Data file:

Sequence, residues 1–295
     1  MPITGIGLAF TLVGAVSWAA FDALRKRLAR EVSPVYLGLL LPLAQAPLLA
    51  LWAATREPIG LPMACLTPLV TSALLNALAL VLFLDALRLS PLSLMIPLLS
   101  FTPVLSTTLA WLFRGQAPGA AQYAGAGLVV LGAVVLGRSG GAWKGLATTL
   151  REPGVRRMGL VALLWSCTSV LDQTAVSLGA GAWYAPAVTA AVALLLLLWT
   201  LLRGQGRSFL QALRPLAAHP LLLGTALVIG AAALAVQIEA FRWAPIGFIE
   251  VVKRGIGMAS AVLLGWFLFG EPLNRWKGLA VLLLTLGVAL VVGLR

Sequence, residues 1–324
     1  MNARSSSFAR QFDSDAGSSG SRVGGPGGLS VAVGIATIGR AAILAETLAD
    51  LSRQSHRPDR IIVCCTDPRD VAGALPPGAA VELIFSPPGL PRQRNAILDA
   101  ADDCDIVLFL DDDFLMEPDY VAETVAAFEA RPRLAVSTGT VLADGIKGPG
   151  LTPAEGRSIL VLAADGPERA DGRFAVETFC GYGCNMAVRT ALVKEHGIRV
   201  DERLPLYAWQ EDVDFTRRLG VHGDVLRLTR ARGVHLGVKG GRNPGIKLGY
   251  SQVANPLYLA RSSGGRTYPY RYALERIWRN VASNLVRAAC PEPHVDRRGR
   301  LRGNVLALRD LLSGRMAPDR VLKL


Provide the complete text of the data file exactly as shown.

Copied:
Sequence, residues 1–295
     1  MPITGIGLAF TLVGAVSWAA FDALRKRLAR EVSPVYLGLL LPLAQAPLLA
    51  LWAATREPIG LPMACLTPLV TSALLNALAL VLFLDALRLS PLSLMIPLLS
   101  FTPVLSTTLA WLFRGQAPGA AQYAGAGLVV LGAVVLGRSG GAWKGLATTL
   151  REPGVRRMGL VALLWSCTSV LDQTAVSLGA GAWYAPAVTA AVALLLLLWT
   201  LLRGQGRSFL QALRPLAAHP LLLGTALVIG AAALAVQIEA FRWAPIGFIE
   251  VVKRGIGMAS AVLLGWFLFG EPLNRWKGLA VLLLTLGVAL VVGLR

Sequence, residues 1–324
     1  MNARSSSFAR QFDSDAGSSG SRVGGPGGLS VAVGIATIGR AAILAETLAD
    51  LSRQSHRPDR IIVCCTDPRD VAGALPPGAA VELIFSPPGL PRQRNAILDA
   101  ADDCDIVLFL DDDFLMEPDY VAETVAAFEA RPRLAVSTGT VLADGIKGPG
   151  LTPAEGRSIL VLAADGPERA DGRFAVETFC GYGCNMAVRT ALVKEHGIRV
   201  DERLPLYAWQ EDVDFTRRLG VHGDVLRLTR ARGVHLGVKG GRNPGIKLGY
   251  SQVANPLYLA RSSGGRTYPY RYALERIWRN VASNLVRAAC PEPHVDRRGR
   301  LRGNVLALRD LLSGRMAPDR VLKL